April 9, 2008

Laurinaitis has the it factor

As the old saying goes, you either have it or you don't. That can be a good thing or a bad thing depending on what it is. Going to the doctor's office it might be best not to have it. On the football field however having it is a good thing, a very good thing even though it can be a rare commodity.

Ohio State senior-to-be linebacker James Laurinaitis definitely has it, whatever that may be when it comes to how he plays on Saturdays. While Ohio State has seen many talented players grace the field at the Horseshoe year in and year out but according to linebackers coach and co-defensive coordinator Luke Fickell there haven't been too many at that position that have had it.

"Nobody knows what that it factor is but I kind of referred back to it when A.J. Hawk was here," Fickell said. "People always asked what was so special about him and I always said whatever it is, he has it."

Comparing any linebacker to Hawk is high praise but that goes without saying for Laurinaitis who was predicted to be a top-10 pick in the NFL draft if he so chose to declare early. The league will have to wait and Ohio State fans will get one more chance to see the Little Animal roam the field for the Buckeyes.

"When things happen, when plays are being made, when the game is on the line it is uncanny who ends up showing up," Fickell said. "It is what happens out there and the thing (the public doesn't) see is the day-in day-out of the weight room and film work and those kinds of things that people don't realize and think those guys who have it just naturally have it but they work at it."

Laurinaitis long earned the respect of his teammates on the practice field and many are still amazed with how the Butkus Award winner doesn't take any plays off during practice and leads by example.

"A lot of coaches say you have to make yourself better in practice but when you get out there every day you get tired and don't want to keep going," linebacker Marcus Freeman said. "He is that guy that finds that energy and just makes sure he gets better and better each day."

So having it doesn't limit itself to game day and comes out just as much in practice as it does during game conditions?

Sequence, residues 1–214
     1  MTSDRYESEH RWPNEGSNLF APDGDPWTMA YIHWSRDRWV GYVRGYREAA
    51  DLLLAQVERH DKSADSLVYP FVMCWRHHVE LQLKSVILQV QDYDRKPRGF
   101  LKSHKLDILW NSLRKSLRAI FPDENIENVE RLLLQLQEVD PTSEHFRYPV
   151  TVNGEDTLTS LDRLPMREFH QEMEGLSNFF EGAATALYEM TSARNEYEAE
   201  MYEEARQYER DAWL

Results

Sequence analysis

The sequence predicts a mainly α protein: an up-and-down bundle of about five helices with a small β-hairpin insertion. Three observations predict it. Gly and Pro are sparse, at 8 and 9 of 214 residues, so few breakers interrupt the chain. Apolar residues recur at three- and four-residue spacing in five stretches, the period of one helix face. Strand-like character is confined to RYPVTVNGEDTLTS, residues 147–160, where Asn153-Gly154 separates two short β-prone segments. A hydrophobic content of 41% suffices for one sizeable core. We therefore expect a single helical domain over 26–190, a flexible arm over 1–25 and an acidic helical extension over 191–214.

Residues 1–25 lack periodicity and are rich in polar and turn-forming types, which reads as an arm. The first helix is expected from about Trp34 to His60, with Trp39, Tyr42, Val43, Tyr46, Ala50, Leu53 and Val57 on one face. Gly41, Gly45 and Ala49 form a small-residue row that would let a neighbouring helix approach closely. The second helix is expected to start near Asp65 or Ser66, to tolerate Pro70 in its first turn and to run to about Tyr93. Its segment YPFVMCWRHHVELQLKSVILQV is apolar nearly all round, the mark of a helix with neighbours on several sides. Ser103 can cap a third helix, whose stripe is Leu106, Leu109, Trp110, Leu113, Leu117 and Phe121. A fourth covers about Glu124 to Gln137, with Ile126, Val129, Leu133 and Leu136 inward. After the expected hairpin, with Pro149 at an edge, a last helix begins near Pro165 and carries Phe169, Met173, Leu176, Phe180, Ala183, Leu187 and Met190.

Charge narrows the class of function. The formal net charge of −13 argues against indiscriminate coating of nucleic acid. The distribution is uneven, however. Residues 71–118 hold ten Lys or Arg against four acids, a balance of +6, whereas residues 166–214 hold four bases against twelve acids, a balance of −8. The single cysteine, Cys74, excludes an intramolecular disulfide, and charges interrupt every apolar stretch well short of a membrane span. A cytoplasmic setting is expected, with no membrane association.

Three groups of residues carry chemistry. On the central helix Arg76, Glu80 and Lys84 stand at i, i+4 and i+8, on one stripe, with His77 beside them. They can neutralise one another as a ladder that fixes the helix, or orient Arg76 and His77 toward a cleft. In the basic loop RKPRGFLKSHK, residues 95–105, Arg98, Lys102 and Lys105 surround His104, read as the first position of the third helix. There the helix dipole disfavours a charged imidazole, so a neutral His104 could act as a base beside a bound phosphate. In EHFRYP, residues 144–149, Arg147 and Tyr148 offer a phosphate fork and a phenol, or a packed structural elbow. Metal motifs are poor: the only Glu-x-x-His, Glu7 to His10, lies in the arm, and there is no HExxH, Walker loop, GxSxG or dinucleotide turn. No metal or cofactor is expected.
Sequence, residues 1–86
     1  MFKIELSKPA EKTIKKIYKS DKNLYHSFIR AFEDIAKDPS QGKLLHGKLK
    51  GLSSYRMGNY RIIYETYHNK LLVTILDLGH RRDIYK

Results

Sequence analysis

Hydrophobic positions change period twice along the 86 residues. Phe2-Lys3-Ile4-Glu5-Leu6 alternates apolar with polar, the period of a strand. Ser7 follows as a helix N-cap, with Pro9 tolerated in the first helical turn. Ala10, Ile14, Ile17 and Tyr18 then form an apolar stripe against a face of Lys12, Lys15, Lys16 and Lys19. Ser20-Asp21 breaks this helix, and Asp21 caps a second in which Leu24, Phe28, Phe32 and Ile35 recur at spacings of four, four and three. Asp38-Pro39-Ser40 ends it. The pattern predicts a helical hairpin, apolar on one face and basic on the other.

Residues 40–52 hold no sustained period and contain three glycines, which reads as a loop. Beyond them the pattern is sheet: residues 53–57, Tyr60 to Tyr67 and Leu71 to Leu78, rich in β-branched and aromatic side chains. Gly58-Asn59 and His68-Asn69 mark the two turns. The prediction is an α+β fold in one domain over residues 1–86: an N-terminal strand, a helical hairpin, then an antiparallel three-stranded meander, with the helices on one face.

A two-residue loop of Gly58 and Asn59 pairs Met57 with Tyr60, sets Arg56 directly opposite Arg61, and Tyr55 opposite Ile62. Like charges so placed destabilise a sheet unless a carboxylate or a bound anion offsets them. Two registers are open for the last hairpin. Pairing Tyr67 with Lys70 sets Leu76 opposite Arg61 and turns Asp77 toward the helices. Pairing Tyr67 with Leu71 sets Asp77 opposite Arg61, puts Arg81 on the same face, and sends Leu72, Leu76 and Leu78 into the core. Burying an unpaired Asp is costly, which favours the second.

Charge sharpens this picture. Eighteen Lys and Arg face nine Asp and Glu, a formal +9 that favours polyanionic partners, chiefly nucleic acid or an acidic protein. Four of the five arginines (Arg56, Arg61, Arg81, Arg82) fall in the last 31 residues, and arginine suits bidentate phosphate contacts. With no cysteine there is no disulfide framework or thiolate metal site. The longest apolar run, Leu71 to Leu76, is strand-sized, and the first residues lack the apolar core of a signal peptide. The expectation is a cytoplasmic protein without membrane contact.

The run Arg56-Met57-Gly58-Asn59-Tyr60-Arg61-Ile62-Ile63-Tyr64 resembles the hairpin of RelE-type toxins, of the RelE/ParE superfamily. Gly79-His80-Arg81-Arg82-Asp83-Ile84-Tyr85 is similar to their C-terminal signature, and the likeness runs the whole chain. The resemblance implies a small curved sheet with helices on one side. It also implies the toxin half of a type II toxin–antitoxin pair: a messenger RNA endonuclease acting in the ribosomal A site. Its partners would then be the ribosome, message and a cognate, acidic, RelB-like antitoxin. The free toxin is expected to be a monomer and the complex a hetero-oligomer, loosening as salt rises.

"(It's) a competitive nature and a day-in day-out work ethic and the ability to fight through tough times and pain and different kinds of things that guys that just perform on their best days don't do those kinds of things," Fickell said. "Whatever it is, along with ability, they have got it."

Fickell himself was no slouch as a four year starter for the Buckeyes at Nose Tackle and racking up 212 tackles including 26.5 for loss during his playing days. Does Fickell believe that he may have possessed it during his playing days?

"I hope I had it with a lot less ability (laugh)," Fickell joked. "There are guys who have it that just aren't as obvious because they don't have the kind of ability that others have. We all like to hope that we had some version of it, maybe when I was in little league. Whatever it is it is more obvious in people have the ability to do it on the field and make the plays in the big games and that is what makes great players great."

Laurinaitis has amassed 245 tackles playing as a full time starting linebacker in two seasons and getting the opportunity to come in for Bobby Carpenter during the finale against Michigan in 2005 after a broken ankle put the current Dallas Cowboy out for the remainder of the season. Was it during that time that Laurinaitis took the field that the coaches may have realized that he possessed this it factor?

"A lot of times it is having that confidence to get out there and not freeze up and relax and play football and that might have been the first time I thought to myself that this kid had a chance to have the ability and do it because it didn't bother him," Fickell said. "It wasn't a big deal and to me that is the hardest part of going from high school to the next level… being able to slow that thing down and have the confidence to do what you need to do."

Fans know they better enjoy it while they have a chance because a year from now it will be NFL general managers that are talking about the it factor that surrounds the game of Laurinaitis.

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